An African faiths environmental institute is calling on the Bill and Melinda Gates Foundation to stop funding green revolution technologies and genetically modified seeds for the continent, but instead support natural methods to help Africa achieve food sufficiency and protect its environments.

In an open online letter that is also asking for signatures, the Southern Africa Faith Communities' Environment Institute said the foundation is fueling hunger and poverty by funding farming methods that fail to protect small-scale farmers and the environment.

The Gates Foundation said it is working to ensure that small-scale African farmers can lift themselves out of poverty.

The Southern Africa Faith Communities' Environment Institute concerns come as humanitarian agencies continue to warn that millions of people in Africa increasingly face hunger and poverty, partly due to climate change, conflict and more recently the COVID-19 pandemic.

"This is a bold and strong call that is in line with Catholic social teaching principles of solidarity, preferential option for the poor and care for our common home," Allen Ottaro, founder and executive director of the Catholic Youth Network for Environmental Sustainability in Africa, told Catholic News Service in a reaction to the petition. "It is in solidarity with the African smallholder farmers who are at risk of losing sovereignty over their food production in the long term, as well as the loss of a variety of food crops that are rich in nutrition."

The faith communities' institute said the Gates Foundation has been funding projects that promote growing of one specific type of crop in large fields at the expense of mixed cropping, a practice used by small-scale farmers in Africa for many years.

Also, the institute said, in the growing of the single crop, the projects use heavy machinery, large amounts of fossil fuels, commercial fertilizers and pesticides in the approaches deemed to destroy the environment. At the same time, large tracks of land are acquired for the crop, leaving many ordinary farmers without farming lands. The actions disrupt the people's ability to cope with food-related challenges and environment withstand climatic changes.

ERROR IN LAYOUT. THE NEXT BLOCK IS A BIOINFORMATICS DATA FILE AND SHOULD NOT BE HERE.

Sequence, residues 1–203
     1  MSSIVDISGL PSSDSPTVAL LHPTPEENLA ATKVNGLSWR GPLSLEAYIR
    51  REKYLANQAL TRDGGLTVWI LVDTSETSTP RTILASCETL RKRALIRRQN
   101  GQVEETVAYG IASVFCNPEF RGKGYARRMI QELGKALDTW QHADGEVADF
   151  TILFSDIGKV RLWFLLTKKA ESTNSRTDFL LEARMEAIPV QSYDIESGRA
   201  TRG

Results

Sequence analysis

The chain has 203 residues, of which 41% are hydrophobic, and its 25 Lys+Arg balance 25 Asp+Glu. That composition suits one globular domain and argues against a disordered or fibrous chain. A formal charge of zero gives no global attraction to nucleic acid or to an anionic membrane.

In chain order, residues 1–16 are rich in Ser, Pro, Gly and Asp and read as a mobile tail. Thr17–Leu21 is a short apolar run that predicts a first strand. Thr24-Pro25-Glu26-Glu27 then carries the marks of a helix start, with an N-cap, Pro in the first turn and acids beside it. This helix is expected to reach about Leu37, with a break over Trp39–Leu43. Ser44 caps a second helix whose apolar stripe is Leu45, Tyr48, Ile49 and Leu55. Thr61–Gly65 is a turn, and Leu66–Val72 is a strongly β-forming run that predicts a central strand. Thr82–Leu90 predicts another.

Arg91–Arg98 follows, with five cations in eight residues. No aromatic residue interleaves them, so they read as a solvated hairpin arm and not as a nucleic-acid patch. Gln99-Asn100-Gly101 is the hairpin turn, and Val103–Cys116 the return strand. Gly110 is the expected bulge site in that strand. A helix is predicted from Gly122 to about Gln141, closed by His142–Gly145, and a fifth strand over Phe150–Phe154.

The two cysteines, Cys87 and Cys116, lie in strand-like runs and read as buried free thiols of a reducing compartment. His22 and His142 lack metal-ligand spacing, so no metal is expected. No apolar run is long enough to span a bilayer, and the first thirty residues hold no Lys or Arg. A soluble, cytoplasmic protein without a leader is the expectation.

"We urge the Gates Foundation to stop pushing a green 'revolution' that imposes technologies and seeds that are controlled by companies with vested interests. Rather, it should be looking at and learning from small-scale farmers from around the world who are working to build alternative food systems that are socially just and ecologically sustainable," said the faith communities institute, which includes some Catholic organizations.

Prince Papa, program coordinator of the Global Catholic Climate Movement in Africa, said ventures in agriculture, technology or the entire economy should have creation at the center of their desired outcomes.

"Resources should also be concentrated in the hands of small-scale holders and the least in the community. This does not mean that profits alone are 'bad,' but that a reassessment should be made where new information comes in, to reevaluate the driving force behind the development," Papa said in a response to the letter.

At the same time, Ottaro said Africa is one of the continents most vulnerable to the climate crisis. He said while its rich biodiversity can help absorb climate-related shocks, industrial-scale agriculture was chipping away this cushion. The weakens the resilience of local economies and food supply chains, as seen from the pandemic.

"The threats to biodiversity and land degradation" as a result of large-scale farming are concerning "not just for the present but also future generations," said Ottaro, while stressing that highly centralized food-supply systems can be vulnerable to disruptions, and price increases often impact the poor most.

He cited recent border disruptions in East Africa where Kenya, Uganda and Tanzania demanded COVID-19 testing or certificates of tests from drivers and crews, resulting in delaying delivery of food commodities. This led to an increase in the prices of certain foods, such as fresh fruits and vegetables.

The Southern Africa Faith Communities' Environment Institute -- which includes Christian, Muslim, Jewish, Hindu, Baha'i and African traditional faiths -- said widespread hunger in the region during the COVID-19 crisis has highlighted a systematic failure of the current profit-driven system.

In a response to the institute's letter, which was to be published officially Feb. 23, the Gates Foundation said that, through its agricultural development initiative, it works to ensure smallholder farmers have access to a wide range of resources and innovations they need to improve their livelihoods and lift themselves and their families out of poverty.

"We do this by working with partners to help make smallholder crops and livestock more productive, to improve nutrition and to empower women farmers," said a short statement from the foundation sent to Catholic News Service. "Our work is guided by what smallholder farmers and local agriculture businesses say they need to succeed and by the priorities their governments have embraced in their national agriculture investment plans."

The foundation said it believed there are many paths to achieving sustainable food production.

"African farmers, like farmers everywhere, should be empowered to choose from a range of innovations that can help them adapt to stressful conditions like high temperatures, droughts, floods, pests and diseases, which continue to intensify due to climate change," the foundation said.